Disruptions caused by the two structural changes -- demonetisation and the GST -- are wearing off and optimism in domestic demand is soaring because of which Indian economy is poised to grow faster than expected in the year 2018 against the backdrop of rising trade protectionism, increasing crude oil prices and volatile market conditions. Here are three reasons
Disruptions caused by the two structural changes — demonetisation and the GST — are wearing off and optimism in domestic demand is soaring because of which Indian economy is poised to grow faster than expected in the year 2018 against the backdrop of rising trade protectionism, increasing crude oil prices and volatile market conditions, Deloitte Voice of Asia report said.
While India in 2017 seen its GDP growth slumping to a three-year-low mainly due to destocking ahead of the GST implementation, the second half of the year picked up at a growth rate of 7.2%. Multiple macro-economic factors show a turn-around of the Indian economy in the year 2018. The Deloitte Voice of Asia report has identified three pillars that will help Indian economy to grow at a faster rate in 2018.
Improved domestic conditions
The “negative effect” demonetisation and the implementation of the GST is wearing off now as there is high optimism in domestic demand in the form of consumption and revival in small-scale business activities. This is also resulting in an increase in FDI flows into the country. Moreover, India’s jump on World Bank’s Ease of Doing Business Index is helping build optimism in India’s story and is consequently attracting more investors to the country. The GST is also taking Indian economy slowly and steadily towards greater formalisation.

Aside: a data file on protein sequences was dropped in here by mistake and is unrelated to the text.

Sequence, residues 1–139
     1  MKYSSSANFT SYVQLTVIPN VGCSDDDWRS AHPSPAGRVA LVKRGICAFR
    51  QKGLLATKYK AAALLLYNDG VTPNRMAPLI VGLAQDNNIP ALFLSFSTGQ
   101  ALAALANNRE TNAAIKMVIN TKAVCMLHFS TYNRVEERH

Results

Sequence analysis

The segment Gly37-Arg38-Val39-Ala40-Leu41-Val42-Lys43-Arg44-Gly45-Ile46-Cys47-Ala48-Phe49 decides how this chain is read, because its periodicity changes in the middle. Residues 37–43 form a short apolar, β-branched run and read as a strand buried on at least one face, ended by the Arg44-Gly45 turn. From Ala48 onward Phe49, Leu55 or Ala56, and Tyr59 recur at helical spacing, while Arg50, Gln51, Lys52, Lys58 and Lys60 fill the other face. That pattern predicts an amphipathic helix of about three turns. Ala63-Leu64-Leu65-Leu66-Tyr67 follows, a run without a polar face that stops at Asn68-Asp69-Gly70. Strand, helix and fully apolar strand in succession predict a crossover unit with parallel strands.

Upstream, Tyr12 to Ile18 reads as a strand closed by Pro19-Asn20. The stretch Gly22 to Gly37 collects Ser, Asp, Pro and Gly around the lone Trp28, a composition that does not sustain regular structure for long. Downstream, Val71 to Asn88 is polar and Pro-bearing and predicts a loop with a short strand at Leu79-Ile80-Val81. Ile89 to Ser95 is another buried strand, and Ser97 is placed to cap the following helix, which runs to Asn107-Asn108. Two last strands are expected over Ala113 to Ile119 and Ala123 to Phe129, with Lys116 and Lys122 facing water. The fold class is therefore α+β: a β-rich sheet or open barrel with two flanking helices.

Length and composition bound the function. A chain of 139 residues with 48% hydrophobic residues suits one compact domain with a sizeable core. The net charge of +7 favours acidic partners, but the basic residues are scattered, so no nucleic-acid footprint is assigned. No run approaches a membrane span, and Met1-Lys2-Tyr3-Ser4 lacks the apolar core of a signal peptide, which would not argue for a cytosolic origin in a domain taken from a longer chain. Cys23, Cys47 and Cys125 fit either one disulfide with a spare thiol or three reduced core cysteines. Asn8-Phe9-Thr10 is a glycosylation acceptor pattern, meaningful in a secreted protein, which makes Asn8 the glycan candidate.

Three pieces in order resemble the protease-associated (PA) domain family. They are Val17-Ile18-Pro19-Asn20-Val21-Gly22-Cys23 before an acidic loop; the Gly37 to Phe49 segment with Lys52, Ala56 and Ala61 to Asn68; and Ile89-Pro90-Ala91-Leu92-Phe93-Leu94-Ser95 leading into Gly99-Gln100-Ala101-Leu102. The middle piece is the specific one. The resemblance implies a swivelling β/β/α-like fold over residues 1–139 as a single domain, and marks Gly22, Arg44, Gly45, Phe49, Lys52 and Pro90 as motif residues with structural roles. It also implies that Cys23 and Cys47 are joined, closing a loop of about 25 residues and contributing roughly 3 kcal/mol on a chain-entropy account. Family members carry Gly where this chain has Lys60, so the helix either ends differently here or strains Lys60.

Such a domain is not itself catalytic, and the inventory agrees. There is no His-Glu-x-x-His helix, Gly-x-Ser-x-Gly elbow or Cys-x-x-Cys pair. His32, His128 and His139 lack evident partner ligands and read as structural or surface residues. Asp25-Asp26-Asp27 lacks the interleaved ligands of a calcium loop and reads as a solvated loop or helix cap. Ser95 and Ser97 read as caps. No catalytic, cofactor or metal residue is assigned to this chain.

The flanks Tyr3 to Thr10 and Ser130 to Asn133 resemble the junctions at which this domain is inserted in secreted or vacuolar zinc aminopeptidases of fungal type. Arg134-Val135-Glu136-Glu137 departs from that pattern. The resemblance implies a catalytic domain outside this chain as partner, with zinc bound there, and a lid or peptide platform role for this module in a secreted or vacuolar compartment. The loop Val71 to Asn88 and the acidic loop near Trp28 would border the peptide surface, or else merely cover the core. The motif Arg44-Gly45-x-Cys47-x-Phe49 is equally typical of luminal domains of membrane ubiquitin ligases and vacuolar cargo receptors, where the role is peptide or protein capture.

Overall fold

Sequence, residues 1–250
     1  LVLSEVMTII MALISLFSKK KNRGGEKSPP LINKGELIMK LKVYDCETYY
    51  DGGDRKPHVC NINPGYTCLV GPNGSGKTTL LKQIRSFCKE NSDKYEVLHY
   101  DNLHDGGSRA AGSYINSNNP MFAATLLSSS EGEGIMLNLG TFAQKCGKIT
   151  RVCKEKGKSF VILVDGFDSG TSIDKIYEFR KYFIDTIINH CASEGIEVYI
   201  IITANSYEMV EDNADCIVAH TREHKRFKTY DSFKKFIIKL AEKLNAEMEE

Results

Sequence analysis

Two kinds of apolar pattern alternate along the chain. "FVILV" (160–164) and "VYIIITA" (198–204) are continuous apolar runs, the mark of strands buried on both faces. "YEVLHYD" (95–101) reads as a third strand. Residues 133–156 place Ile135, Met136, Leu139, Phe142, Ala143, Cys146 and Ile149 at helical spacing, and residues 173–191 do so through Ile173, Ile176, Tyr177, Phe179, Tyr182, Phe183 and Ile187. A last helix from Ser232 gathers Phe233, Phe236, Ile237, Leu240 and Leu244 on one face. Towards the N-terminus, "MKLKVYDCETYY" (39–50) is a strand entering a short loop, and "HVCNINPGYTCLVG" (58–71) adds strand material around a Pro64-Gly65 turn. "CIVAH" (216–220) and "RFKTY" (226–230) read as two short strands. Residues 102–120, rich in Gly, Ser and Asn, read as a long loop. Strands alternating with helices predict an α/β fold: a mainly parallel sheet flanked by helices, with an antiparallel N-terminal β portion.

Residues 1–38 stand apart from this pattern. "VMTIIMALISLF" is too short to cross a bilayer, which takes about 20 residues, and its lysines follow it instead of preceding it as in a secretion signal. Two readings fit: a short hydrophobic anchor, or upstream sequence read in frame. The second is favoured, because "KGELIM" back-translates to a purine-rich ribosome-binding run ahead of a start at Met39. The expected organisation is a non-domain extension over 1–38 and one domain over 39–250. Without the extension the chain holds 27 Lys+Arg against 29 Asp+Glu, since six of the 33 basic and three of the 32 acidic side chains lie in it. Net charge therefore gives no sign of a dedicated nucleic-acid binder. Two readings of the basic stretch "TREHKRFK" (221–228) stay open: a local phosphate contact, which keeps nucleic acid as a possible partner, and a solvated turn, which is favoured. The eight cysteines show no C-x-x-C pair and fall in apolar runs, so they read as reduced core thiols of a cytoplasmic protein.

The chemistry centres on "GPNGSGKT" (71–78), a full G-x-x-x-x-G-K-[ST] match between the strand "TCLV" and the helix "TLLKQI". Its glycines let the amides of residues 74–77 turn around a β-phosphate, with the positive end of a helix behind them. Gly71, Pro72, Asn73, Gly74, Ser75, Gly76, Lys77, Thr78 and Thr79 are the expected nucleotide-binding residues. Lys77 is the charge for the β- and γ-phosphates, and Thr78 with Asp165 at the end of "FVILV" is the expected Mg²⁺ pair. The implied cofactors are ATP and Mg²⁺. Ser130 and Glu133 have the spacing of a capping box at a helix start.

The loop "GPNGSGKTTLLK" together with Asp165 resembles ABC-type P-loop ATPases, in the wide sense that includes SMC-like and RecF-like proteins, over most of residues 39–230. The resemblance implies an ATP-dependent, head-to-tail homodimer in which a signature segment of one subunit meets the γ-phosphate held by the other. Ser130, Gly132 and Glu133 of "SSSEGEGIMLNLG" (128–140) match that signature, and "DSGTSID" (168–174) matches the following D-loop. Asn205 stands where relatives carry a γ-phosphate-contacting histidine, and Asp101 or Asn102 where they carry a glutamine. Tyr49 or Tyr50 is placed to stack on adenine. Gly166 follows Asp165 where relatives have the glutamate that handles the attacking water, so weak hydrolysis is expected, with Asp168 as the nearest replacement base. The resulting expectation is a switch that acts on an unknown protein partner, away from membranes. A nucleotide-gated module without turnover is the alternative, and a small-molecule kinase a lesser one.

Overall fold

Increased infrastructure spending initiatives
There is a lot of focus on infrastructural development. The government in the Budget 2018 allocated a massive Rs 5.97 lakh crore to infrastructural development. The report says that with the country aim to pave more than 80,000 kms of roads by March 2022, India’s infrastructural development is laudable. “Further, it has taken steps to collaborate with international partners to speed up the process of infrastructure building,” the report said.
Recovery in global demand to boost India’s growth
The global economy has turned a corner, with demand rising robustly since late-2016 and it is likely to accelerate further. More than 75% of the world economy is now enjoying an upswing, with forecasts anticipating global growth to rise to 3.6% in 2017 and 3.7% in 2018, from 3.2% in 2016. Growth in advanced economies is at its fastest in three years, with OECD lead indicators pointing to slightly above the trend growth.
As the global economy is in its heights after recovering from the shocks of 2008 crisis, India should take the benefit of this opportunity. India’s ability to stave off the economic gales was helped by the fact that it is much less dependent than most countries on global flows of trade and capital. And therefore, the recovery in global economic conditions should help India boost its domestic growth.